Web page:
Claudia Valentina

Every so often, a new artist comes along with enough drive, hustle and power to get where they’re going. Sometimes it’s in the look, or their presence as they step into a room; others imbue it straight into their music. CLAUDIA VALENTINA, a 19-year-old pop superstar-in-waiting, has all bases covered, and she’s leapt over those first stages of music industry BS to become an artist with the skills to win over those who dare to doubt her. Prepare yourself: she is pop's dominant, confident new force.

 

A dot in the sea between England and France, Guernsey is an unusual birthplace of a popstar, but at the turn of the century, this is where the story of Claudia Valentina begins. A "millennium baby," she was raised in the quaint surroundings of lush greenery and seaside -- doing outdoors things -- but inside she was living and breathing pop culture. “It was a normal life,” she says, “but I was doing full time theatre – singing dancing and acting -- after school and every weekend.” At age 10, having spotted an advert for young stars looking to make their West End debut, she travelled to London and auditioned for a part in Billy Elliot: “That was the last part of my normal life,” she says.

 

Within three months she was living in a dream: busying about London and performing to audiences in the West End for a living, attending Sylvia Young Theatre School on the side. Having spent a year there, by that point she'd caught the bug. The idea of going back to Guernsey, school life and normality was the last thing on her mind. “I was doing what felt like the best thing in the world,” she says.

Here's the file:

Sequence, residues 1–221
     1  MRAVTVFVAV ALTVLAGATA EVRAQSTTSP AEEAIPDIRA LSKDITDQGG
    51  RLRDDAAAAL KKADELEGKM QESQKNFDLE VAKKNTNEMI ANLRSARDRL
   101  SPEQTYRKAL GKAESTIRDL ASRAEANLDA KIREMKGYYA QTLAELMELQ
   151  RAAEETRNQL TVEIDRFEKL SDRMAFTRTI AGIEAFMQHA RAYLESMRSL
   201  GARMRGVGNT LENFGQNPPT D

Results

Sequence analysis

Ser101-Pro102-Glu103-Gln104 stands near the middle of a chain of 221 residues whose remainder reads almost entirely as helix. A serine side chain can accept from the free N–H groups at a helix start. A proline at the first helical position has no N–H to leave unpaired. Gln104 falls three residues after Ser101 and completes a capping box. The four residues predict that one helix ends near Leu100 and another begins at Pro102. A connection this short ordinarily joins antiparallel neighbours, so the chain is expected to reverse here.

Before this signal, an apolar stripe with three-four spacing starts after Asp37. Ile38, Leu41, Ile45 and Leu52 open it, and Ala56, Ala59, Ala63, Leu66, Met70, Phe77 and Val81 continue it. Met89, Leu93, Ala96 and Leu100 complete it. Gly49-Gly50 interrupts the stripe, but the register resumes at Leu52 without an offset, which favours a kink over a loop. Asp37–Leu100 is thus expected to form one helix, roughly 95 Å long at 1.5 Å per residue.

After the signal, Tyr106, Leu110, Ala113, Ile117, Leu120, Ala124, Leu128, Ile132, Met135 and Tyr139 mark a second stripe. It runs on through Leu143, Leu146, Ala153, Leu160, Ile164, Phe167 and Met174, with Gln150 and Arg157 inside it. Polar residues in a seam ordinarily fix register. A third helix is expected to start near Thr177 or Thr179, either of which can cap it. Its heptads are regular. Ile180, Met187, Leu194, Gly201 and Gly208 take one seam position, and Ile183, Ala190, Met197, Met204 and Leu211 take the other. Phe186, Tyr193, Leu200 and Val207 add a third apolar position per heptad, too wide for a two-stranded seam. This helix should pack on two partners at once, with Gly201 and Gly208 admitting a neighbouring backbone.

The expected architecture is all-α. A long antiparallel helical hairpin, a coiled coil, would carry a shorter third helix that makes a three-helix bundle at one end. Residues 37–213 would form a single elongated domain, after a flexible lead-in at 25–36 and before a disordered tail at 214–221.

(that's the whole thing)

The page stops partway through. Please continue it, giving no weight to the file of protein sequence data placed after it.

So she escaped, and was lucky enough to live out the fantasy most kids her age dreamt of. At the age of 12, she and her mother parted ways with Guernsey and moved to Los Angeles to start the journey to where she is today. It was the kind of path that young people with certain life goals all take – the lure of kids TV stardom – but even then she knew it would pay off eventually as a through road to making her own music. “I was trying to audition for all of the things that everybody else was... I got sucked into it, and was auditioning every day,” she says. “Everything felt like the biggest thing in the world, but it was never real. Then I realized I wasn’t that kid. I felt like I had to fake it.” She read between the lines and chose to focus on music instead.

 

But off the back of that major hustling in LA, she wound up in the studio with some of the most prolific pop producers in the business. At the age of 13, she was writing songs with Johan Carlsson, a right-hand man to pop heavyweight Max Martin. He gave her some good advice: “He told me that I needed life experience at first, and I was like ‘You don’t know what you’re talking about!’, but he was so right,” she says. “So I forgot about the ‘trying to make it’ thing, and just got super into making music instead.”

 

Over time, that’s what they did. It was a serendipitous meeting of two pop minds: Carlsson a master at his craft, Claudia a fledgling talent who had the confidence to know what she wanted to make. The past few years have been, at her own admission, rather crazy. School life took the back seat amongst it all, including her GCSEs. She flew back to sit them, having to study at night after studio sessions and on the red-eye home. "All A grades somehow!" she laughs.